ESPN’s Bob Harig says:
If a player is fined for dropping an F-bomb, there is no disclosure. Slow play? Same thing. A failed drug test? You got it.
The only exception: if a player failed a performance-enhancing drug test, which has happened exactly once in the six-year-plus history of the tour’s drug-testing program.
SI’s Michael Bamberger says:
Really, it’s all up to Tim Finchem, the PGA Tour commissioner. According to Tour’s 46-page drug-policy booklet, if a player is suspended for violating the rule for performance-enhancing drugs, the Tour is obligated to announce the suspension.
But nothing in the policy requires the commissioner to suspend a player over such a violation. For any number of reasons — including, one could argue, his desire to use some choice corporate-speak to protect the brand — the commissioner could decide to keep any failed test for PEDs in a locked drawer in Ponte Vedra. If there is no suspension, there is no announcement.
So who is correct? Bamberger.
Here’s section Section 2-M of the PGA Tour’s Anti-doping Program Manual (both the 2009 version and 2013 version):
M. CONFIDENTIALITY AND REPORTING
The PGA TOUR will not publicly disclose the identity of a player whose sample has resulted in an Adverse Analytical Finding or who has been alleged to have committed an anti-doping rule violation until after the process described in sections H and I has been completed. In each case where a period of Ineligibility has been imposed or tournament results have been Disqualified, the PGA TOUR will, at a minimum, publish the name of the player, the fact that the player committed an anti-doping rule violation, and the sanction imposed. As an exception, the PGA TOUR may decide not to publish information on cases involving Drugs of Abuse.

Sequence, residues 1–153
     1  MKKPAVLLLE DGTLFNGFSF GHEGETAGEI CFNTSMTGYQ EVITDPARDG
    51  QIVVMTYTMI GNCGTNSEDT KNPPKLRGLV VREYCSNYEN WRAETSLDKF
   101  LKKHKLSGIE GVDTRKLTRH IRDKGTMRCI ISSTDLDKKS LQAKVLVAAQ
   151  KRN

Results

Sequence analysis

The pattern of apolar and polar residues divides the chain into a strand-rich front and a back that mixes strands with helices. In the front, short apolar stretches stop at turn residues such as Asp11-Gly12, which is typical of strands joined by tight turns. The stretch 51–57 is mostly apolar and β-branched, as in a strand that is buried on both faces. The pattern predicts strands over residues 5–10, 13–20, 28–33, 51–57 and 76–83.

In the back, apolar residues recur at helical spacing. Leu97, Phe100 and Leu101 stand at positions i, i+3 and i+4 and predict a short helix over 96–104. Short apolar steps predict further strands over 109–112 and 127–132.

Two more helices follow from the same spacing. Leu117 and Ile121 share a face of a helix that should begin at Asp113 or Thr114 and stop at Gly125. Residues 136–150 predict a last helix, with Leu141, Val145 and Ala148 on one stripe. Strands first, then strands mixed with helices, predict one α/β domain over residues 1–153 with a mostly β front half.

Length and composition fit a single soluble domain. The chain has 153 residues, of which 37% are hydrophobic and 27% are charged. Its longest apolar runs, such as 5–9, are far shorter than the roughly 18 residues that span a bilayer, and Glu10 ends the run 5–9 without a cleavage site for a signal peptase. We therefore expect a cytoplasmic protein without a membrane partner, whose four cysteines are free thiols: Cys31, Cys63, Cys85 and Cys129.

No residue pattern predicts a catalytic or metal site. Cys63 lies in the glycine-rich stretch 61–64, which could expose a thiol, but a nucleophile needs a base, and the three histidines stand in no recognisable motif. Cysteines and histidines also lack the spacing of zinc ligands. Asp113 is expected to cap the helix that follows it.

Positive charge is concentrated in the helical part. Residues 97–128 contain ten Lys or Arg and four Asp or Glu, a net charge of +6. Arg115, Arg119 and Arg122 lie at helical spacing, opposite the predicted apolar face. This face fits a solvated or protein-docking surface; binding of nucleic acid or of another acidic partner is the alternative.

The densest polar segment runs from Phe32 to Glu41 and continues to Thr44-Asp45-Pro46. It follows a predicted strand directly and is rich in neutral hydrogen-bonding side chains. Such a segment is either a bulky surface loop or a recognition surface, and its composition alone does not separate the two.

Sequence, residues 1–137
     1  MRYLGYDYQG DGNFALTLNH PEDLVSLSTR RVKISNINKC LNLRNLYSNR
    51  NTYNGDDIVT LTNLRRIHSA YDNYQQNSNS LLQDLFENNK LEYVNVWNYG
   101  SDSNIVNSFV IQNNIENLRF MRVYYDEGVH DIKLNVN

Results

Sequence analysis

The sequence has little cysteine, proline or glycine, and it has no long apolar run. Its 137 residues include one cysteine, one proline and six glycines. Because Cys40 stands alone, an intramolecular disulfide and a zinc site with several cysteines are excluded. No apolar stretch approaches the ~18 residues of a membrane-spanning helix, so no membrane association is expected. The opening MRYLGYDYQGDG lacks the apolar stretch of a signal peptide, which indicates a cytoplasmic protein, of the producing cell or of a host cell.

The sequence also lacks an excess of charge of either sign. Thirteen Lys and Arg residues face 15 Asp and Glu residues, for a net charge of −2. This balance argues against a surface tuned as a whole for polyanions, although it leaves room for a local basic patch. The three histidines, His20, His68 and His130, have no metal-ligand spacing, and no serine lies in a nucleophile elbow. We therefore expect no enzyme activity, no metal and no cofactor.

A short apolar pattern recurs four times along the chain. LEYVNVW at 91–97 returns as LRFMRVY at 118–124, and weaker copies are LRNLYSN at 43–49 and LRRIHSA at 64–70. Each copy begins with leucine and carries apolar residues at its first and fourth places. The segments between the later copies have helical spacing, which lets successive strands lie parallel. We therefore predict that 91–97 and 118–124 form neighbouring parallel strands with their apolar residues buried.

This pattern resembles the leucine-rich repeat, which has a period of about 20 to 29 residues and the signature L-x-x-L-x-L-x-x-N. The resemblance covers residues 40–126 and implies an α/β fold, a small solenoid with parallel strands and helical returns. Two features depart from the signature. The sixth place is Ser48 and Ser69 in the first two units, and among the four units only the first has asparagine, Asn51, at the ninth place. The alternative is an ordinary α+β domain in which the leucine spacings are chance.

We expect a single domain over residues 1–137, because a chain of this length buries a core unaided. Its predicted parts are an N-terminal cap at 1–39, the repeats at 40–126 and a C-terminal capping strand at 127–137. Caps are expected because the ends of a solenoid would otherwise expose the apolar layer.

Harig, head cheerleader of the Tiger Woods pep squad, wants you to think only one guy has ever tested positive for PEDs — and it wasn’t Tiger Woods! Bamberger correctly points out that a positive PED test is only announced in the case of a suspension, and that Finchem can choose to suspend or not suspend whomever the hell he pleases.
Which makes this Dustin Johnson non-suspension suspension all the more interesting. DJ’s problem was cocaine, not PEDs, at least according to leaked information, but isn’t it interesting that the PGA Tour said they would not comment, then commented to clarify that they did not suspend DJ.
So what was that all about? If he were suspended for cocaine, they would not be obligated to report it. However, if what he were suspended for were PEDs, they would be obligated to report it — if he were suspended. By saying he was not suspended — even if an agreement were reached that he would self-suspend — the door is open that it was not cocaine, or not exclusively cocaine, but that PEDs may also have been involved.
Tim Finchem continues to show he’s the most incompetent commissioner in sports history.